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Facebook stops putting "Disputed Flags" on fake news because it doesn't work

Noah Berger / AP

Facebook announced that it will no longer use "Disputed Flags" — red flags next to fake news articles — to identify fake news for users. Instead it will use related articles to give people more context about a story.

Why it's happening: The tech giant is doing this in response to academic research it conducted that shows the flags don't work, and they often have the reverse effect of making people want to click even more. Related articles give people more context about what's fake or not, according to Facebook.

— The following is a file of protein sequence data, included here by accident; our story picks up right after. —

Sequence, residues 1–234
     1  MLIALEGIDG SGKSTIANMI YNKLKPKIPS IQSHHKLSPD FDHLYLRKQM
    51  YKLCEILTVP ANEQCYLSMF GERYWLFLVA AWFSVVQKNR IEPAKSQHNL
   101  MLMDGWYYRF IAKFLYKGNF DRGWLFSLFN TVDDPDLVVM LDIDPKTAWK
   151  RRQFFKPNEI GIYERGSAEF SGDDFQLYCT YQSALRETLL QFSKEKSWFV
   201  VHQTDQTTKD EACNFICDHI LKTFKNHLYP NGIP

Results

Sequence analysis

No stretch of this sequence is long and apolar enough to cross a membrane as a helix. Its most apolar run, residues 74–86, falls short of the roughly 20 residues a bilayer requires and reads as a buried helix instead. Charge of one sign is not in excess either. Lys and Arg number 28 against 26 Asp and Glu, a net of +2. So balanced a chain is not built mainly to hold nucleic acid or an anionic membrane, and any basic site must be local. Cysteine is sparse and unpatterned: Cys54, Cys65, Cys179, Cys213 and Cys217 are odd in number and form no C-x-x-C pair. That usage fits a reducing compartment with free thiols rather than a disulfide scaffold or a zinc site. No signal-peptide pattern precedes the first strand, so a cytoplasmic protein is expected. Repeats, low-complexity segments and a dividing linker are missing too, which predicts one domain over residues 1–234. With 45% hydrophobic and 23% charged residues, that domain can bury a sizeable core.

Why it matters: Facebook's Sheryl Sandberg says Facebook is a technology company that doesn't hire journalists. Without using editorial judgement to determine what's real and what's not, tackling fake news will forever be a technology experiment.

  • Facebook says putting Related Articles next to fake news leads to fewer shares than when the Disputed Flag is shown. "Putting a strong image, like a red flag, next to an article may actually entrench deeply held beliefs – the opposite effect to what we intended," Facebook writes in a blog post.
  • The company is starting a new initiative to better understand how people decide what's accurate based on the news sources they "Depend upon," or likely follow and engage with on Facebook. Facebook says the initiative won't directly impact the News Feed in the near term.
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